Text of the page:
Authors: Cheng Jin, Chun Yuan Shi
Abstract: Effects of thermal cycling on the tensile strength of aluminum alloy welded joints are studied experimentally in this paper. The damage mechanisms are also analyzed based on the microstructure observations. Results reveal that certain thermal cycling can cause strength decrease especially at the heat affected zone of the aluminum alloy welded joint. The cyclic temperature and the external load are the key factors which influence the strength of the welded joint specimens, while the cyclic period has a minor effect in thermal cycling conditions. Microstructure analysis also shows that voids nucleation and evolution governs the damage process under thermal cycling condition.
Authors: Zhi Li, Cheng Ping Zhang, Mei Rong Zhao, Hai Jun Jin
Abstract: Using elastoplastic finite element method study the interface stress distribution of Sn3.5Ag0.75Cu lead-free solder at different temperatures and different strain rate. Numerical analysis results show that: when strain-rate is identical, as the temperature rises, the interface stress increased rapidly of Sn3.5Ag0.75Cu lead-free solder and the substrate binding sites, from 11 °C when 2.6MPa rose to 90 °C in 49.7MPa, so the temperature is very large have effects of the interface stress of the lead-free solder and the substrate binding sites; when the temperature is constant, as the strain rate increases, Sn3.5Ag0.75Cu lead-free solder and the substrate binding sites of the interface stress showed a slight increase, from 0.005% / S when the 49.47MPa rose to 0.005% / S when the 50.08MPa, so strain rate on lead-free solder and the substrate binding sites of the interface stress effect is very small, indicating Sn3 .5Ag0.75Cu lead-free solder has strong rate-independent nature.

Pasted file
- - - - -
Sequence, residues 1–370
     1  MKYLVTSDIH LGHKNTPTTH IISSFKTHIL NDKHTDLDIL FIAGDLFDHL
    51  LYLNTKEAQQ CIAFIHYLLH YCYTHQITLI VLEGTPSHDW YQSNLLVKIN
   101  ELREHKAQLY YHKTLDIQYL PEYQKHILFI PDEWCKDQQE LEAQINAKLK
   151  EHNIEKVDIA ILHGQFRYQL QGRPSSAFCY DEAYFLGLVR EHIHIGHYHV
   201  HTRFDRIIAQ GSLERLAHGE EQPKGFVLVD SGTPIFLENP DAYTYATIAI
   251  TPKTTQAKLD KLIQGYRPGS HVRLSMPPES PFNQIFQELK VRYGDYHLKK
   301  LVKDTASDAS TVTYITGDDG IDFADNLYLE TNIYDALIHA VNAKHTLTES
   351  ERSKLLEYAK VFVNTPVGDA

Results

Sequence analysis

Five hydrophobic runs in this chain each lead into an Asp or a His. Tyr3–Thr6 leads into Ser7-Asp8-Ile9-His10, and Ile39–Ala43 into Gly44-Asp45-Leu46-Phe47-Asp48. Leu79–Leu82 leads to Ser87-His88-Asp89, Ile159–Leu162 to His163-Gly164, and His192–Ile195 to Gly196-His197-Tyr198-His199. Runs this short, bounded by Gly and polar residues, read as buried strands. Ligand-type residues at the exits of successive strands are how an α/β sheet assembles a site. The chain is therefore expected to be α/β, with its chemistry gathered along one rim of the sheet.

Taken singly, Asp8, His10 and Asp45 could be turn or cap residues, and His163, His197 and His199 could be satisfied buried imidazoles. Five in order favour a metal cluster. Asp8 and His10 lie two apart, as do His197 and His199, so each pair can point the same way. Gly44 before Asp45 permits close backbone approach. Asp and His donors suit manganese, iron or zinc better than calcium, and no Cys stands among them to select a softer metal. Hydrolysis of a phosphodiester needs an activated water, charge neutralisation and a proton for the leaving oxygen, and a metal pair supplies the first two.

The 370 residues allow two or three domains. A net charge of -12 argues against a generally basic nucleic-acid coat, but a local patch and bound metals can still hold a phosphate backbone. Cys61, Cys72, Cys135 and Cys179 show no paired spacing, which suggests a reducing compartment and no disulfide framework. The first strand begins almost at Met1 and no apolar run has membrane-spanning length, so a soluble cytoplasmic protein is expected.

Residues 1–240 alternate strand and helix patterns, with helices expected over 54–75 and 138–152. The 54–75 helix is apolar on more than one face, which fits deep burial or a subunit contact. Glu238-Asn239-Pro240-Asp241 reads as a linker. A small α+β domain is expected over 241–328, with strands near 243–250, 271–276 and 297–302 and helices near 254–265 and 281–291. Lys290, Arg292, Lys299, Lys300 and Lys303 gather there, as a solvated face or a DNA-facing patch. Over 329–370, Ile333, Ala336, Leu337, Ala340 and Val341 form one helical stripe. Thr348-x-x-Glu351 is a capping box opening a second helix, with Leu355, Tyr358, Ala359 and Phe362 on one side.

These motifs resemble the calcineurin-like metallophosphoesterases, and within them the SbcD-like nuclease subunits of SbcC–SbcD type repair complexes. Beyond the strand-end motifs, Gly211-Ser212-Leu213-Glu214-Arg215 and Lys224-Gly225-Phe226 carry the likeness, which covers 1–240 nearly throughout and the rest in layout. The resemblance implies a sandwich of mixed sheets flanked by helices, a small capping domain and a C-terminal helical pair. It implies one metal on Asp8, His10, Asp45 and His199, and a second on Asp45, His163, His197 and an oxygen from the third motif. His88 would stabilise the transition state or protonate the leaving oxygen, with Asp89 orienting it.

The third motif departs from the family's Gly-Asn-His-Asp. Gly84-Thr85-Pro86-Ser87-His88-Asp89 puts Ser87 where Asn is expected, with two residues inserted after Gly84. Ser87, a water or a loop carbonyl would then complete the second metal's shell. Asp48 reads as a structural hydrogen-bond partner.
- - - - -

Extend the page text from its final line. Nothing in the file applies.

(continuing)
Authors: Nicolas G. Wright, C. Mark Johnson, Alton B. Horsfall, Cyril Buttay, Konstantin Vassilevski, W.S. Loh, R. Skuriat, P. Agyakwa
Abstract: The adoption of SiC devices as a viable technology depends crucially on maximising the potential advantages of the material. This is best achieved by the adoption of co-design techniques in which the optimisation of the SiC device is performed in parallel to that of the package and the overall application. This paper considers suitable techniques for this co-design and describes new approaches to the development of SiC technology for practical applications.
Authors: Aurélie Vande Put, Djar Oquab, Daniel Monceau
Abstract: During service, TBC can suffer degradation by CMAS, FOD, erosion or spallation. Whereas the first three are due to foreign particles, the last one is related to thermal cycling. When subjected to high temperature exposures followed by rapid coolings under oxidizing conditions, a TBC system undergoes morphological changes and stress development. This will initiate cracks which propagate and finally lead to failure by spallation. Consequently, the aim of the present study is to understand better the mechanisms responsible for such spallation events. Two kinds of TBC systems with different bond coatings (NiCoCrAlYTa or Pt-modified nickel aluminide bond coatings) are thermally cycled. Subsequently, SEM investigations on TBC systems after spallation concentrate on failure path, defect, morphological and microstructural changes to propose way for improving TBC system lifetime.